The financial crisis and the future of financial regulation

In a recent speech by Lord Adair Turner, Chairman of the UK Financial Services Authority he set out the causes of the current financial crisis and listed 3 changes which regulators think are essential:

  1. “new approaches to the regulation of the capital adequacy of banks. These have of course been extensively revised by the introduction of Basel 2, which has aimed to achieve greater sensitivity of capital levels to the different risks which banks are running, and there are certainly benefits to the Basel 2 approach on which the future system should build. It is important to realize that the crisis developed under the Basel 1 regime not Basel 2, and that Basel 2 would have addressed some of the problems which led to it – for instance the failure to distinguish between the capital required to support mortgages of different credit quality. But it is also clear that we will need to adjust Basel 2 in a number of ways.  The general direction of travel will be towards higher levels of bank capital than have been required in the past, and in particular capital which moves more appropriately with the economic cycle and more capital required against trading books and the taking of market risk.”
  2. New approaches to the management and regulation of liquidity are equally important. Indeed, we need to ensure that the regulation of liquidity is recognised as being at least as important as capital adequacy…Measuring and limiting liquidity risk is, however, crucial and reforms to regulation need to include both far more effective ways for assessing and limiting the liquidity risks which individual institutions face and a better understanding of market-wide liquidity risks.”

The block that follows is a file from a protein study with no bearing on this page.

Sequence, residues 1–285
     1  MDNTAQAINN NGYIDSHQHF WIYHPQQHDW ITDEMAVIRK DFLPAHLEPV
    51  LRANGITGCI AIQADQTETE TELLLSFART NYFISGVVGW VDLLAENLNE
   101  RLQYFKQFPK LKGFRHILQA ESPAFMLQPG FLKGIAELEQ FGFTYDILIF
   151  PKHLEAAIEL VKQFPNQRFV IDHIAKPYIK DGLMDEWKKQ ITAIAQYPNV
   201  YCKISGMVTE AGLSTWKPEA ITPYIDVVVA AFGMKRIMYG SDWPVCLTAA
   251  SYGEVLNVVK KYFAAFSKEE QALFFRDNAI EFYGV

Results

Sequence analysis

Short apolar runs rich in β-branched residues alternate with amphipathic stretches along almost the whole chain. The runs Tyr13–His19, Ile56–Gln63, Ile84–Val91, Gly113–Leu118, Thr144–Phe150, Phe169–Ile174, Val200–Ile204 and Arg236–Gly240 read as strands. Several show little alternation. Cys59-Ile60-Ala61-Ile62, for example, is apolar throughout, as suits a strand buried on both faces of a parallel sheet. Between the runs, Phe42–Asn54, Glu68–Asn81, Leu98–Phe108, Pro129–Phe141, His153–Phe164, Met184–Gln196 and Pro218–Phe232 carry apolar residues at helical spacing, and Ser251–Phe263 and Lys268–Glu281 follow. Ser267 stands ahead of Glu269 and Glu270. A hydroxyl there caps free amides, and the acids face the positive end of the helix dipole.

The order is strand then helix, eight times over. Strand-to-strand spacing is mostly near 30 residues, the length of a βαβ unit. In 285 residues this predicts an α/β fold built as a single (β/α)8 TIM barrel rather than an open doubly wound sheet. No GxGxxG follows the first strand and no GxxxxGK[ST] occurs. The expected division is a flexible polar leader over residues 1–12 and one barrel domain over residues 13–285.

3. “The third key priority is to ensure that in future financial activities are always regulated according to their economic substance not their legal form. One of the striking features of the years running up to the crisis, as I stressed earlier, was that a core banking function – maturity transformation – was increasingly being performed by institutions which were  not legally banks, but the off balance sheet vehicles of banks, (SIVs and conduits), investment banks and mutual funds. To different degrees in different countries these ‘near banks’ or shadow banks escaped the capital, leverage and liquidity regulation which would apply to banks. In the case of SIVs they also escaped the degree of disclosure and accounting treatment which would have applied if the economic activities were performed on balance sheet.  In future it is essential that if an economic activity is bank-like and poses a significant risk to consumer or financial stability, regulators can extend banking-style regulation. And essential that accounting treatment reflects the economic reality of risks being taken.”

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